Bre-X's filing with the U.S. Securities and Exchange Commission, for example, includes several sections cautioning investors about the risks of mining in general and the risks of Indonesia particularly, but it also says the estimate of a gold find "in excess of 30 million ounces" had been "prepared, reviewed or verified by independent mining experts" without stating that the samples always were drawn and controlled by the company.
After those samples were doctored probably, officials feel, at a riverside warehouse en route to an Indonesian testing lab the engineers also thought they were looking at a sizable gold find.
"We were very downstream" from the company-controlled drilling program, said Robert Racine, a spokesman for SNC Lavalin, whose Indonesian subsidiary, PT Kilborn, worked with Bre-X.
In fact, it was more than two years from Bre-X's initial public statements about a major gold find on the Indonesian island of Borneo before someone outside the company independently tested the site for gold.
When mining giant Freeport McMoRan Inc. conducted its own drilling as part of negotiations over a possible partnership with Bre-X, the scheme unraveled.
The Louisiana-based company found no gold at the site; a second independent drilling program, by Strathcona Mineral Services Ltd. of Toronto, went even further, declaring that Bre-X's claims were the product of a tampering operation "without precedent in the history of mining anywhere in the world."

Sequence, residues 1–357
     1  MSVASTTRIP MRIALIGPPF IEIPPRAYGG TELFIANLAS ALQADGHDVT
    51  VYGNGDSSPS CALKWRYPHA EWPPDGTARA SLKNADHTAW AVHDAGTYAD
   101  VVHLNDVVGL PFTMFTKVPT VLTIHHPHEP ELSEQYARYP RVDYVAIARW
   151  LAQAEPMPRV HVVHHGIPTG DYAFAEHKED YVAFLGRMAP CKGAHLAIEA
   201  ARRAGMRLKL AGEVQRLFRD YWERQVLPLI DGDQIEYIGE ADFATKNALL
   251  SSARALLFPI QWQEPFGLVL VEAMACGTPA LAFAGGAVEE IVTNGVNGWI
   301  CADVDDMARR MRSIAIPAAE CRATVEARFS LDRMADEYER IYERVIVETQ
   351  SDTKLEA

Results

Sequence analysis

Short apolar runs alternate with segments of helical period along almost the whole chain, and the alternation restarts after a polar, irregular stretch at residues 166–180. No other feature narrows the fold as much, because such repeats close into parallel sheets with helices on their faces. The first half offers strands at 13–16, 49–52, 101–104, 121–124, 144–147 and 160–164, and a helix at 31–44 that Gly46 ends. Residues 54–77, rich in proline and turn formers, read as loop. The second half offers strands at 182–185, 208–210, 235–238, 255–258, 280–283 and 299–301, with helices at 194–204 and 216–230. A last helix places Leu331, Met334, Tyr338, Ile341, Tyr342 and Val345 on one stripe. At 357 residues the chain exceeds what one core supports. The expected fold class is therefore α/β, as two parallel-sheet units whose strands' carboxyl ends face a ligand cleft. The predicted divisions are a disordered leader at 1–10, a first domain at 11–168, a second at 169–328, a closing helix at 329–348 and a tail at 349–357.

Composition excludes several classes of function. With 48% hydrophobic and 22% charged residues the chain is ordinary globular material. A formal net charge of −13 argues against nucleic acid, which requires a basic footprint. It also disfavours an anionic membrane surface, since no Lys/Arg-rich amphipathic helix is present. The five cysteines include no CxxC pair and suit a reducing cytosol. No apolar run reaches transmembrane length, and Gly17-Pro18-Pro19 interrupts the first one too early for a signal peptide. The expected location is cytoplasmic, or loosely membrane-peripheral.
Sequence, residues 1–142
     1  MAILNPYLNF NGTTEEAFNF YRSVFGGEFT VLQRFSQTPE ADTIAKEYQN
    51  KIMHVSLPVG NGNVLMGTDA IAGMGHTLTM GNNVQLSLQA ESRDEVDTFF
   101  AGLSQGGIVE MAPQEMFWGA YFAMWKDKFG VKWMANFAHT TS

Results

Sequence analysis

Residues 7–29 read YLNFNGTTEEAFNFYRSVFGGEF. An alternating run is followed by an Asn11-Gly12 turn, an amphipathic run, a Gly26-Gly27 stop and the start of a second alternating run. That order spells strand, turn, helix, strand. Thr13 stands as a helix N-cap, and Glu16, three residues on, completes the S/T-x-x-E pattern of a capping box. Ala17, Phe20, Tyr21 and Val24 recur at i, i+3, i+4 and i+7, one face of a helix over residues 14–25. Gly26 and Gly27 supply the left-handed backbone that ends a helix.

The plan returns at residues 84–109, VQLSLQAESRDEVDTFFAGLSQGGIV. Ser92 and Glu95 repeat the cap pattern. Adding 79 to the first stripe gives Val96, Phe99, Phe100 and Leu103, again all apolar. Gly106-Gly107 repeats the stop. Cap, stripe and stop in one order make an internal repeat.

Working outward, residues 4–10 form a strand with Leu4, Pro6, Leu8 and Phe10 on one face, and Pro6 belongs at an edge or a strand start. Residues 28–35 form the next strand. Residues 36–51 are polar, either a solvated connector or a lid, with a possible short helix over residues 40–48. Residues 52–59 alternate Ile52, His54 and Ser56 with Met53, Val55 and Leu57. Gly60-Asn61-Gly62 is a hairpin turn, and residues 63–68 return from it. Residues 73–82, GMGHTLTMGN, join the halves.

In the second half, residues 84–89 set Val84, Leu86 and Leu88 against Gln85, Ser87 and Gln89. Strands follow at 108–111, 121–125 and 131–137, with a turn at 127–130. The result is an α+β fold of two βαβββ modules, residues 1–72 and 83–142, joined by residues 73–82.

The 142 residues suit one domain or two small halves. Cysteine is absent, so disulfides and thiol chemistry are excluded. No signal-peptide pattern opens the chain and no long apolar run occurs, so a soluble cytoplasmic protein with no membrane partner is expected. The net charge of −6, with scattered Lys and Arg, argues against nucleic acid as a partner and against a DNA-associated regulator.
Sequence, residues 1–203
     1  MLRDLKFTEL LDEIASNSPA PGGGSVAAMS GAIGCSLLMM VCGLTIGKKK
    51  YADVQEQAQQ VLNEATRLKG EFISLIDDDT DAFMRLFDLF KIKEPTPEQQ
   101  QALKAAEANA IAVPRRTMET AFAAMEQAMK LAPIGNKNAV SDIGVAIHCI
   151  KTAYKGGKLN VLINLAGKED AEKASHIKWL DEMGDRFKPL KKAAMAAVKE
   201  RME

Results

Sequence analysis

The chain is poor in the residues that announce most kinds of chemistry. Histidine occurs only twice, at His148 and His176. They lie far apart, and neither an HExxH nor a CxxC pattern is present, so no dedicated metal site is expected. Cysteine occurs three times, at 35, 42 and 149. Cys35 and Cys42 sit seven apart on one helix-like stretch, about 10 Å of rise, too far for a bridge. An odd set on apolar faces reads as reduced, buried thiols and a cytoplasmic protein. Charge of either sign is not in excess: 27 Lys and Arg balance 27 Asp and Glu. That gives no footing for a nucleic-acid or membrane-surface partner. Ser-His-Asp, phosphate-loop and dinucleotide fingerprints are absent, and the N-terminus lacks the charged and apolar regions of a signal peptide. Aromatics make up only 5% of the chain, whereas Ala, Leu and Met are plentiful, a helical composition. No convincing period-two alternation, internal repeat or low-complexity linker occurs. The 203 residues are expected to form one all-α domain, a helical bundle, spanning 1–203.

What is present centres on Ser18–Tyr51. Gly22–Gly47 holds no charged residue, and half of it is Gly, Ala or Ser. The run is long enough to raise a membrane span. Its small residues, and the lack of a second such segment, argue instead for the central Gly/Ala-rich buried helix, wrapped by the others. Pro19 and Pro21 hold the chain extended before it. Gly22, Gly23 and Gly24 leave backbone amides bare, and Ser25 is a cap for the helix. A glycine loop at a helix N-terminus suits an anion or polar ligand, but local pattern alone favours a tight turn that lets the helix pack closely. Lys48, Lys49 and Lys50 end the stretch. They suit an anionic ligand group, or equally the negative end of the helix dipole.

Called to Freeport's field office to explain the discrepancy, Bre-X's chief geologist, Michael de Guzman, fell from a helicopter en route, an apparent suicide. In statements to the Canadian media, his family members insist that he, too, was a man of integrity who would not have participated in the salting scheme.
A Track Record
Before Freeport's testing, Bre-X was able to build a store of credibility that began with success on the Alberta Stock Exchange and continued with listings last year on the Toronto Stock Exchange and in the United States on the Nasdaq Stock Market, where a total of 111 million shares changed hands over 10 months beginning in August 1996.
From initial private offerings at 30 cents a share, Bre-X stock climbed to more than $250 on the open market before a 10-for-1 split a year ago.
Institutional investors, including mutual fund companies, the Ontario Teachers' Pension Plan and Quebec's huge cooperative Caisse de Depot, flocked to the high returns, helping to inflate Bre-X's value. The cycle of support for Bre-X also included a press corps eager to tout what looked like a true Canadian worldbeater. The fact that Canadian prospectors had uncovered some stunning mineral finds in recent years added to the hype.